Benjamin Lai, general manager at Kaer, puts it simply: “Instead of us going to the market and trying to get people interested in air conditioning, what we’re trying to do now is to take that responsibility off their hands and to tell them they can outsource it to someone else.

“Instead of trying to get building owners excited about energy efficiency, Kaer will focus on that, as we now pay the bill under the Kaer Water model.”

Lai adds: “The problem with energy efficiency is that the energy consumption of air conditioning changes all the time. If there are more occupants in the building, or if the weather changes from rainy days to hot days, or if there is a change of tenant mix from retail shops to F&B outlets, the energy used to supplement more cold air is greater.

“Building owners will have to monitor these fluctuations constantly to ensure optimum comfort conditions in the building, optimise energy efficiency and adhere to Green Mark requirements. Very often, energy efficiency will be compromised or overlooked as the building operator is required to attend to more urgent operational issues,” he says.

Benjamin Lai, general manager of Kaer

Kaer uses a BCA-compliant monitoring and verification remote system called K-RealTime, which provides round-the-clock monitoring and optimisation of over 40 air conditioning systems in Singapore, Malaysia and Indonesia.

Helping buildings to maintain energy efficiency levels is not just an advantage for the owners. Kaer benefits too when buildings achieve optimum energy levels in air conditioning.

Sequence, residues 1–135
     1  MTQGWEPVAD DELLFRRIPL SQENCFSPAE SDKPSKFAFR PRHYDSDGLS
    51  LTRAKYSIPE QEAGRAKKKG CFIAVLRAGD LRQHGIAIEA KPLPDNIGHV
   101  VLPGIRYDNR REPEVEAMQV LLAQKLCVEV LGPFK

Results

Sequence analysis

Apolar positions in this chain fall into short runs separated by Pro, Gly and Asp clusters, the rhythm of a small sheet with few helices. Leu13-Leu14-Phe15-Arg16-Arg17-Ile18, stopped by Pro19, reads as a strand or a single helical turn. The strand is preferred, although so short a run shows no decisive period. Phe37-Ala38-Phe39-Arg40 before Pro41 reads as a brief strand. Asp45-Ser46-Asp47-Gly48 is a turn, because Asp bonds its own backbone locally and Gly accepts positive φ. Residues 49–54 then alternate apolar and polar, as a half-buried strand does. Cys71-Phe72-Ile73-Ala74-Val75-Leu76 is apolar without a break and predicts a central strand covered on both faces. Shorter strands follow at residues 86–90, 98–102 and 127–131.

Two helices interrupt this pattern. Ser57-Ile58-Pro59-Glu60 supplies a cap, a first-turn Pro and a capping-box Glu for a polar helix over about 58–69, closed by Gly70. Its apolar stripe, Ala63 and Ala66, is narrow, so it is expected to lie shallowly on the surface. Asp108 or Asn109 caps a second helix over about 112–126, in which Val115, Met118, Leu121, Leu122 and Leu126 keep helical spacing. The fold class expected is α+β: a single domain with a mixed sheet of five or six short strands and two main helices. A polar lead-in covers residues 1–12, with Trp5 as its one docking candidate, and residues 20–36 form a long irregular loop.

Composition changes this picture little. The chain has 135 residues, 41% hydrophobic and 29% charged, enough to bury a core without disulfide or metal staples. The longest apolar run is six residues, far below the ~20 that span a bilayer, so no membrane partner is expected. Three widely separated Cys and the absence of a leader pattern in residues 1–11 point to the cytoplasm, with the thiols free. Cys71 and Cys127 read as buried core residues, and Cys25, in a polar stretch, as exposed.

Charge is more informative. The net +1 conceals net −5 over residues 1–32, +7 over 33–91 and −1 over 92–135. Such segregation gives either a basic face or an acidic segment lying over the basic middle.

“As our costs for electricity goes up when more energy is used by the air conditioning system, Kaer gets penalised and pays more if we’re not energy efficient, but stand to pay less if we are,” says Lai.

Building owners in Singapore who want to upgrade their air conditioning system will now need to ensure it is changed to an energy efficient one. Contractors will need to get the approval from the BCA. This is where the industry is moving to

Benjamin Lai, general manager of Kaer

New dimension to cooling

Where buildings are now looking to optimise energy use while saving cost and resources, Kaer Water could be a game changer in the building industry.

“We’re generally about 10 to 20 per cent cheaper compared to when companies run the air conditioning systems themselves. Instead of outsourcing parts of the ACMV to different contractors, they now need to outsource to just one. We ensure reliable operations of the air conditioning system and also take care of the Green Mark compliance as all of our systems operate at Platinum efficiency levels.” Lai says.

In Singapore, Kaer Water is being used in four buildings across different verticals: in Insead Business School, Orchard Towers, 7000 AMK (previously Seagate building) and Commonwealth Food Services.

Kaer’s K-RealTime 24/7 optimisation

“Building owners in Singapore who want to upgrade their air conditioning system will now need to ensure it is changed to an energy efficient one. Contractors will need to get the approval from the BCA. This is where the industry is moving to,” says Lai.

Moreover, a model like Kaer Air takes the extra responsibility of managing energy efficiency off the hands of building owners.

“They can focus on their core business and leave sustainability targets to us,” adds Lai.